Peel first to launch North American CPR study: Chest compressions key to survival

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Peel Regional Paramedics have enrolled the first case in a North American study intended to determine the impact of an alternate method of cardiopulmonary resuscitation (CPR) compared to standard CPR.

“Previous research has shown that minimizing interruptions in chest compressions may impact survival from cardiac arrest,” says Dr. Sheldon Cheskes, Peel Regional Paramedic Services’ Medical Director and Co-Principal Investigator of the Toronto site of the Resuscitation Outcomes Consortium. “This research will compare two methods of CPR in hopes of providing some insight as to the optimal method of CPR.”

The study, known as Continuous Cardiac Compressions (CCC) and led by the Resuscitation Outcome Consortium (ROC), will compare standard CPR, (30 compressions followed by two ventilations during a CPR interval) to a technique providing “continuous compressions,” (10 compressions followed by one ventilation). The key difference between the two techniques is not just the different compression ventilation ratio, but the techniques by which ventilations are provided. In the intervention or continuous compression arm providers will not stop CPR to provide ventilations, but rather provide ventilations while CPR is ongoing. This technique, currently used by some EMS services in North America, minimizes interruptions in chest compressions, which are known to be deleterious to cardiac arrest survival.

According to Cheskes, “When it comes to cardiac arrest survival we now know that there is not one drug or device that will make the difference between life and death, but rather a system of care that optimizes a rapid response by EMS, as well as high quality CPR by all providers, that can be critical to survival. Research has shown us that geographic areas in which bystanders perform CPR have significantly higher rates of survival than those with lower rates of bystander CPR.”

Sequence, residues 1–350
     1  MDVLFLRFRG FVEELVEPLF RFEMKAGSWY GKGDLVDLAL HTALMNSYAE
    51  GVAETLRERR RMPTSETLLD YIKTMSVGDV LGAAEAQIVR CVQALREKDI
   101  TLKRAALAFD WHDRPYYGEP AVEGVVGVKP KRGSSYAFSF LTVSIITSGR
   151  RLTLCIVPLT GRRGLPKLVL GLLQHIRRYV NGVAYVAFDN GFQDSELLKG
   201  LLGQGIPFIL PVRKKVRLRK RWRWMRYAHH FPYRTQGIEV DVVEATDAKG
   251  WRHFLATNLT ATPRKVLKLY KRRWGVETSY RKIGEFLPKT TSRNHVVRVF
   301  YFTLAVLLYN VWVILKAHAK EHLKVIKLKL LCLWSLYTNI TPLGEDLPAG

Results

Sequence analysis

This study comes on the heels of another recently published ROC study showing that survival rates from cardiac arrest decreased when more time passed between chest compressions and defibrillation. Perishock Pause: An Independent Predictor of Survival from Out-of-Hospital Shockable Cardiac Arrest is authored by Dr. Cheskes and ROC investigators. It can be found in the July 5, 2011 version of t he American Heart Association’s journal Circulation, as well as online at circ.ahajournals.org.

Cheskes also pointed out that bystander CPR in Peel Region sat at 15 per cent in 1992. “We now can boast a bystander CPR rate of 34 per cent. This is much improved but we still have a long way to go. Convincing the public to act when one witnesses a cardiac arrest remains a challenge, but we are really happy with the progress we have made so far.”

“It is our hope that the new recommendations for bystanders to perform compression-only CPR before paramedics get to the scene is an extremely important factor in the success of a cardiac resuscitation,” continues Cheskes. “Anything we can do to get bystanders to act will save lives.”

Members of the public can look into CPR training from organizations such as the Peel Paramedic Association, St. John Ambulance, the Heart and Stroke Foundation of Ontario and the Canadian Red Cross.

The Resuscitation Outcomes Consortium (ROC) consists of 11 regional clinical centers across North America. The goal of these centers is to promote pre-hospital research in the areas of cardiac resuscitation and life-threatening trauma. Almost 125 fire and EMS organizations, involving more than 20,000 fire and emergency medical service providers who serve a combined population of nearly 15 million people from diverse urban, suburban and rural regions will participate in the study. To learn more about ROC, visit roc.uwctc.org.

Peel paramedics and Brampton and Mississauga firefighters were trained for the CCC study, which launched first in Peel on June 6.

“Peel’s paramedics are dedicated to ongoing training and education that delivers better patient outcomes,” says Peter Dundas, Peel Regional Paramedic Services Chief. “We’re excited to participate in another groundbreaking study with the ROC research group.”

Peel paramedics respond to more than 84,000 emergency medical calls every year. For more information about Peel Regional Paramedic Services, visit peelems.ca.